Central Park is one of NYC’s saving graces.  I think after 3 days in the city, we were all getting a bit tired of the concrete, and the Park is such a breath of fresh air!  It’s also fabulous for people watching.  Ask me about that in person, if you want to know.  The park is so green and lush, and I recognized many places from various movies.  It’s more than little ironic to go from skyscrapers and zipping vehicles to quiet ponds and geese.  Strawberry Fields is beautiful, and I liked the winding paths up and down the hills.  

This just screams, "Home Alone 2: Lost in NY"
Of course the best part of the day was the impromptu Rhubarb tours conducted by our own Katy Rendon.  We had gone on enough so-so Big Onion tours that Katy began her own narrations for us.  It might take weeks for my ribs/sides to stop aching from all of the laughing!
Katy giving a Rhubarb Tour in Central Park.
Before the bus left to take us Upstate, some of us stopped in Macy's to ride the original wooden escalators from the basement to floor 9.  It was pretty cool.  :)

Sunday, June 19, 2011

NYC Days 1 and 2

New York City is the stinkiest place I’ve ever been.  The whole city reeks of trash, even in the nicer parts of town, such as 5th Avenue.  I’ve been shocked and disappointed at the filth that permeates the entire city.  Such a shame that New Yorkers are ok giving off the air that they don't care about their city.

Germs have not kept us from learning, however.  Yesterday we took the ferry to the Statue of Liberty and then on to Ellis Island for a workshop.  Ellis Island is fascinating!  I have many ancestors who came from Ireland and at least one some odd numbered great-grandmother from Germany, but I don’t know if any of them came through Ellis Island.  From school, I was under the impression that Ellis Island was just a horrid crowd of people waiting and waiting and waiting to see if they would be allowed admittance into the USA.  While the crowding was very much a reality, the immigrants were fed and cared for as much as possible considering something like 5,000 folks a day walked in and then out of the doors of Ellis Island.  An immigrant had to have at least $25 in cash to prove they wouldn’t become a ward of the state.  Amazing times in American history.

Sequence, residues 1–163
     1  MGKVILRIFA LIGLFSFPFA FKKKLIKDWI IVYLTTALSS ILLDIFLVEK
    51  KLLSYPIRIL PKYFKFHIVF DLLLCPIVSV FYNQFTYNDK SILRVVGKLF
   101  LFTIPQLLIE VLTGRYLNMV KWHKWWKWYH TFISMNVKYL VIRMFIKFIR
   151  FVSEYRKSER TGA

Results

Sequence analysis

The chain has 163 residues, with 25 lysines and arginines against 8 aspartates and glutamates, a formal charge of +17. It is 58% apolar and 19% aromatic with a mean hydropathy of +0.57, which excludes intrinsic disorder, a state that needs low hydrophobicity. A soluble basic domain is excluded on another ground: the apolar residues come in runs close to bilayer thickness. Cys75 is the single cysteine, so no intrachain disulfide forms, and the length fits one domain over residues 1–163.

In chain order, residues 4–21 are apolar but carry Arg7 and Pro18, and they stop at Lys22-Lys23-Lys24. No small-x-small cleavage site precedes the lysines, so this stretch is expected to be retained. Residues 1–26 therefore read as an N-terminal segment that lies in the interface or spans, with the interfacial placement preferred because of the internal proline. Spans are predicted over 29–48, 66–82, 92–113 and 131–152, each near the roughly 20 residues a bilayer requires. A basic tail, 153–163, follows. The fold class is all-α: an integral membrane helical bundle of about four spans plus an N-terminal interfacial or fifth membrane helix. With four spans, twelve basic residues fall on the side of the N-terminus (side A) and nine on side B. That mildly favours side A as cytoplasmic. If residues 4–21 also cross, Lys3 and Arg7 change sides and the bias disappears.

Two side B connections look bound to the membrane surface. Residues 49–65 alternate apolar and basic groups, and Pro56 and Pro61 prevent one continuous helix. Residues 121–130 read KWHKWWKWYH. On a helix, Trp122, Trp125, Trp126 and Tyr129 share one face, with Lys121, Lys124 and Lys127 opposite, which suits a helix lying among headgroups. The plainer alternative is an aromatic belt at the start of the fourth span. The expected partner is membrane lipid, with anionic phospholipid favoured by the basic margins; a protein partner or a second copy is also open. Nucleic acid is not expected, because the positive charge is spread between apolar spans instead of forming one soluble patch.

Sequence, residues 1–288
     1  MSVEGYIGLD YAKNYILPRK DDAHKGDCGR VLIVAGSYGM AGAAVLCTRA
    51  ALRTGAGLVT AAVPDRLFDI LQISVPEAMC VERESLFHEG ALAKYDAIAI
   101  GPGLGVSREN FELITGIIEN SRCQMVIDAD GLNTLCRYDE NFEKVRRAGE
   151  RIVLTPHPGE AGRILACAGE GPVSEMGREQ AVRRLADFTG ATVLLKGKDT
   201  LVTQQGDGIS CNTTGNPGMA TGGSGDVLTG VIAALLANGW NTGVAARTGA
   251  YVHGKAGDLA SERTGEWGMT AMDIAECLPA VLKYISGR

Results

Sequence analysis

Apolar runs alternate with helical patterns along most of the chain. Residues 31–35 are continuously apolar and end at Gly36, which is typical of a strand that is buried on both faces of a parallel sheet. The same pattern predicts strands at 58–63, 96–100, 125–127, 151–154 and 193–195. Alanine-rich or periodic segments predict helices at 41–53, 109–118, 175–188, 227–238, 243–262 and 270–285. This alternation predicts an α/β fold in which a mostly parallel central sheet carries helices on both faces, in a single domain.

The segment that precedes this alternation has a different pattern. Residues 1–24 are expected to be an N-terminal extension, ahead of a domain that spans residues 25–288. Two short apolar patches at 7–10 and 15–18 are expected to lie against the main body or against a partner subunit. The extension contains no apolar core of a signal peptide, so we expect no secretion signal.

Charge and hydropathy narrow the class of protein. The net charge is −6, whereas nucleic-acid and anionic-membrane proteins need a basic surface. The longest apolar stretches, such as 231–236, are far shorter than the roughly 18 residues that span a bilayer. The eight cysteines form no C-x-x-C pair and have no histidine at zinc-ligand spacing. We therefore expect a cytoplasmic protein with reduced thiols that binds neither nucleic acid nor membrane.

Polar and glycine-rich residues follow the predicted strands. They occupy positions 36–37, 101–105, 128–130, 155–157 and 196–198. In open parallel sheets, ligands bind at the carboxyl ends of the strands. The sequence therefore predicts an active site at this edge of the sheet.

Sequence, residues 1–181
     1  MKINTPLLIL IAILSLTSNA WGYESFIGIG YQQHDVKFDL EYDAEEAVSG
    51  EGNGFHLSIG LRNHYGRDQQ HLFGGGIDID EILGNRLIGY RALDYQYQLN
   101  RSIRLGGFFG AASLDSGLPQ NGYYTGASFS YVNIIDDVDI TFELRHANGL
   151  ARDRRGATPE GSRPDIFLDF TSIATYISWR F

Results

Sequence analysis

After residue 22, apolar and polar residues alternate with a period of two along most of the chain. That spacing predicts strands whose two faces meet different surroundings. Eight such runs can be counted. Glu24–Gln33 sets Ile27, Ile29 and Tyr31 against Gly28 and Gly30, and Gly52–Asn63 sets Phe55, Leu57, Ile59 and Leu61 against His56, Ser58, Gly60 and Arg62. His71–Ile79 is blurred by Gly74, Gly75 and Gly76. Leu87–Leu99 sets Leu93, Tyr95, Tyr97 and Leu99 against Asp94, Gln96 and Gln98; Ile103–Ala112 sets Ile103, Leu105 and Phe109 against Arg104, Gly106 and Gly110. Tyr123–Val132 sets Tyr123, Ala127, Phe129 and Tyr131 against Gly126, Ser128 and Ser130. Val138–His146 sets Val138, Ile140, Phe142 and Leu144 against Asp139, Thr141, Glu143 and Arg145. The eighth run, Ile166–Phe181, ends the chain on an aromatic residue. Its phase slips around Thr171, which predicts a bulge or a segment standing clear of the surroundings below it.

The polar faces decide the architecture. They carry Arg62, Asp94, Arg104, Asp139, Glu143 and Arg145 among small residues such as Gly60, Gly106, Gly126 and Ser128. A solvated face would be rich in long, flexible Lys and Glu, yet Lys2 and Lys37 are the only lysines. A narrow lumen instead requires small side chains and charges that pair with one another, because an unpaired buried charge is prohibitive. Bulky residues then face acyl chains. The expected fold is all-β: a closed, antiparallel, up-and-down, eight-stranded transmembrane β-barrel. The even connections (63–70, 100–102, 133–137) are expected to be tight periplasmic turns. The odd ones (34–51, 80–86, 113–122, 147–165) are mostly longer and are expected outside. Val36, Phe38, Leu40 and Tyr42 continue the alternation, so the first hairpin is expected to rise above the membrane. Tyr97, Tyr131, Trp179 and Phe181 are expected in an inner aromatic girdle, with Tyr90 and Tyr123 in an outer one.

The waiting hall in the main building on Ellis Island.
After Ellis Island, we watched Will Smith and Tommy Lee Jones preparing to film scenes of Men in Black 3.  We had seen them setting up early yesterday morning on our way to the dock, so it was cool to see them still at it hours later.  My camera didn’t get any good pictures, but a few people did, so I’m hoping to get one or two.

We didn't have much time to linger at the 9/11 Memorial, but some of us made sure we made the trek from Battery Park to Ground Zero before our Broadway show.  Freedom Tower is under construction, so there isn't much to see without visiting Trinity Church, but we did the best we could with a limited time budget.  It's a moving and touching place to visit and deserves more time than we gave it.